Reimagining Planetary Genesis: Young Disk Observations Challenge Formation Theories

Circumstellar Protoplanetary Disc Art Concept

Astronomers have found early ring and spiral structures in young planetary disks, indicating that planet formation begins much earlier than previously thought. This groundbreaking discovery, revealed through ALMA data, challenges existing models of planet formation and suggests a much faster timeline for the emergence of planetary structures. (Artist’s concept.) Credit:

Early Evolution of Planetary Disk Structures Seen for the First Time

Planet formation may occur much more rapidly than previously thought.

An international team of astronomers has found ring and spiral structures in very young planetary disks, demonstrating that planet formation may begin much earlier than once thought. The results were presented on Monday at the 243rd Meeting of the American Astronomical Society.

Using data from the National Radio Astronomy Observatory’s (NRAO) Atacama Large Millimeter/submillimeter Array (ALMA) the team captured images of Class 0 and Class I planetary disks, which are much younger than the Class II disks observed by earlier disk surveys. Class II disks are known to have gaps and ring structures, indicating that planetary formation is well underway. “ALMA’s early observations of young protoplanetary disks have revealed many beautiful rings and gaps, possible formation sites of planets,” said Cheng-Han Hsieh, PhD Candidate at Yale University, “I wondered when these rings and gaps started to appear in the disks.”

Evolutionary Sequence of Protoplanetary Disks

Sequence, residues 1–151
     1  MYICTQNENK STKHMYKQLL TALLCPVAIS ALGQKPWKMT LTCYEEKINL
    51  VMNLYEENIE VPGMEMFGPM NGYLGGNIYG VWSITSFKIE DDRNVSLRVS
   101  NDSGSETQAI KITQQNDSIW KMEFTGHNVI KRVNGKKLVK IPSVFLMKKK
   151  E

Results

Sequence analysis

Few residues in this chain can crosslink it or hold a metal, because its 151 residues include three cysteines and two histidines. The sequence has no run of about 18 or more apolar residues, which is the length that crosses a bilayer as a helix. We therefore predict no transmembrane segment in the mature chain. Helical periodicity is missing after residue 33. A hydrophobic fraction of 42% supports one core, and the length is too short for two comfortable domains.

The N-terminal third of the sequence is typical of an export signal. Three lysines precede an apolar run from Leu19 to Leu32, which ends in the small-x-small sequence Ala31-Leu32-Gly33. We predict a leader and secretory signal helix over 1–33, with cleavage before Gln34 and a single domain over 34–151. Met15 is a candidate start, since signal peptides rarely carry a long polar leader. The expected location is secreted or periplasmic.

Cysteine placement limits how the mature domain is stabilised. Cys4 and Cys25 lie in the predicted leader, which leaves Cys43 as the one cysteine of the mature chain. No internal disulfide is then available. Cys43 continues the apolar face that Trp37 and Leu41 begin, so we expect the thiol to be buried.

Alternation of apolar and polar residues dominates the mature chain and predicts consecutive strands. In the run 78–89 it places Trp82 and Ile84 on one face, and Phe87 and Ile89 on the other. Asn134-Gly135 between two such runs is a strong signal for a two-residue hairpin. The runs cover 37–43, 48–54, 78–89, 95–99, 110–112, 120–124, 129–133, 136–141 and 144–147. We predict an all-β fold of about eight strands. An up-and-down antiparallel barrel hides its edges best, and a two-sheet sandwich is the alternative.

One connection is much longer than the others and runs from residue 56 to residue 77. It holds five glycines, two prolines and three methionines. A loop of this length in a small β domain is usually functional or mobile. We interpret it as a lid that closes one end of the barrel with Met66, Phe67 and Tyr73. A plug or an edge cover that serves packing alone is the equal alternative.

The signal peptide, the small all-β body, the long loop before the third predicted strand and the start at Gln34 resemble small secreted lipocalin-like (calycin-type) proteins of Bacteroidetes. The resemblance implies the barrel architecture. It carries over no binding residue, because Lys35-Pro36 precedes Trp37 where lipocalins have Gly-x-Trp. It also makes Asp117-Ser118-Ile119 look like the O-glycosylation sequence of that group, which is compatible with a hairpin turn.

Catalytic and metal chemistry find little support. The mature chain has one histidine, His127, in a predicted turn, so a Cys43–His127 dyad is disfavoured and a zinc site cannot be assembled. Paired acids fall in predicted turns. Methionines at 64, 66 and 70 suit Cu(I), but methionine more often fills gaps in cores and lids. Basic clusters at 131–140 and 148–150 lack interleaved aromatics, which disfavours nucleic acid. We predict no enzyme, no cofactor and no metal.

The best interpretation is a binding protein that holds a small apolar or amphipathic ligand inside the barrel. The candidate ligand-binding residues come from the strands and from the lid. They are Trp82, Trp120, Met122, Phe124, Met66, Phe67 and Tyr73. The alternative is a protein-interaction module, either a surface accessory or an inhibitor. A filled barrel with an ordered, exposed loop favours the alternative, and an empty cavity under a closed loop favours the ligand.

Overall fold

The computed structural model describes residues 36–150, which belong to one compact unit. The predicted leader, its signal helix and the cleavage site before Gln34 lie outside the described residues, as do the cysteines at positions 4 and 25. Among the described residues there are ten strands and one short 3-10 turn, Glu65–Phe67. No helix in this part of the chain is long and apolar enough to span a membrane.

The evolutionary sequence of protoplanetary disks with substructures, from the ALMA CAMPOS survey. These wide varieties of planetary disk structures are possible formation sites for young protoplanets. Credit: Hsieh et al. in prep.

This new study shows that structure begins to form when the disks are about 300,000 years old, which is incredibly fast. Young disks can have multiple rings, and spiral structures, or evolve into a ring with a central cavity. These observations challenge our understanding of how planets form, particularly large Jupiter-like planets. “It is difficult to form giant planets within a million years from the core accretion model,” said Cheng-Han Hsieh. Future studies will pinpoint the exact time when the disk substructure appears and how that connects to early planet formation.

ALMA’s Central Array on the Chajnantor Plains

The Atacama Large Millimeter/submillimeter Array (ALMA) sits on the Chajnantor plains nearly 5,000 m above sea level and currently has 66 high-precision antennas working together at millimeter and submillimeter wavelengths. Credit: C. Padilla, NRAO/AUI/NSF

The Atacama Large Millimeter/submillimeter Array (ALMA) is a state-of-the-art telescope situated in the Atacama Desert of northern Chile. Operated by a partnership between Europe, North America, East Asia, and the host country Chile, ALMA specializes in studying light from some of the coldest objects in the Universe.

It operates at millimeter and submillimeter wavelengths, filling a crucial gap between infrared light and radio waves. This allows ALMA to observe phenomena such as the formation of stars, planetary systems, and the detailed chemistry of the universe, which are often obscured at other wavelengths.

ALMA’s high altitude and dry location provide an almost unparalleled view of the universe in these unique wavelengths, making it one of the most powerful and versatile observatories in the world for studying molecular gas and dust.

2 Comments on "Reimagining Planetary Genesis: Young Disk Observations Challenge Formation Theories"

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